Premier knocks “political extremism” in local votes

Premier knocks “political extremism” in local votes

Premier John Horgan took aim at the People’s Party of Canada’s involvement in local elections on Friday.

The premier, speaking at the Union of BC Municipalities Convention in Whistler, was asked about the arrival of “political extremism” in municipal council and school board elections.

“Thankfully we live in a free society, and people can put their hand up and say, vote for me,” he said, adding that he believes the majority of people are more thoughtful than “anonymous voices on Twitter.”

He dismissed the People’s Party of Canada, in particular, as “a lot of noise, a lot of attention, a lot of cameras – six per cent of the vote.”

Earlier this week, Capital Daily published an investigation into the links between the People’s Party of Canada and the local VIVA slate of candidates.

The collection of 13 council and school board candidates was founded by, and includes, former candidates for the far-right federal party, and was publicly launched a day after People’s Party leader Maxime Bernier spoke in Sooke. Many attendees of that talk, where Bernier called for his supporters to get involved in fighting the “culture war” by getting involved in municipal elections, later showed up as part of the VIVA Victoria slate.

That involvement of wider conservative movements in local elections is a pattern that’s been seen in the US and across Canada, with several notable successes in changing policy.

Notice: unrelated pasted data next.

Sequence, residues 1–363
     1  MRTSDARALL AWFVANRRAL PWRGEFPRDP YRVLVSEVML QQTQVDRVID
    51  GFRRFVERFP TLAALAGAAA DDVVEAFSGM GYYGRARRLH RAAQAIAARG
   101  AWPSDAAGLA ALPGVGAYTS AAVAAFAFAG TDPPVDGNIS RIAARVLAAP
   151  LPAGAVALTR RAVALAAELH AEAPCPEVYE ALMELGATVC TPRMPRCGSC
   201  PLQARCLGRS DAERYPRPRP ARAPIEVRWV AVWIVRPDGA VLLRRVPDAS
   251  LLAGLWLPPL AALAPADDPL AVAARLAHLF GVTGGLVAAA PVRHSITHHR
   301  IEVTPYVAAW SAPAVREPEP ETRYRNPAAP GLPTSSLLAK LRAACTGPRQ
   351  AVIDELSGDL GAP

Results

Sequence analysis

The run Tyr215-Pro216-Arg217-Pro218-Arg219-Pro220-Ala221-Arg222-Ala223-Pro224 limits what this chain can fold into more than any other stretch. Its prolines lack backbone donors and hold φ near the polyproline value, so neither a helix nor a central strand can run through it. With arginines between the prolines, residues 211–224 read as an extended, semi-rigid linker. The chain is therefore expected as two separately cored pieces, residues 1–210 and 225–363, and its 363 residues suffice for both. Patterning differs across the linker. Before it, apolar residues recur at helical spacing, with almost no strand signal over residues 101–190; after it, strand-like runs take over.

The slate calls itself “non-partisan” and supports candidates “who will fight for the interests of the people.” In a statement posted in response to the Capital Daily investigation but which did not dispute the revelation of direct ties to the federal party, John Randal Phipps (a former PPC candidate who is the authorized principal officer for VIVA) wrote, “Our team has a very broad range of political viewpoints. I’m proud of that.”

Those political viewpoints have ranged from displeasure with details of how council made the decision to remove the statue of John A. MacDonald in 2018 to claims about “pedophiles” writing the sex ed curriculum and the New World Order’s interest in population control.

In the press conference, Horgan didn’t reflect the alarm that some at the municipal level have expressed. Instead, he didn’t give such political slates much of a chance at success: “When they put their hand up and say, ‘Vote for us, we’re angry at everything,’ and they get annihilated, that gives me hope that communities and people are more focused on positive outcomes, not just being angry.”

By Jimmy Thomson

The Capital Daily

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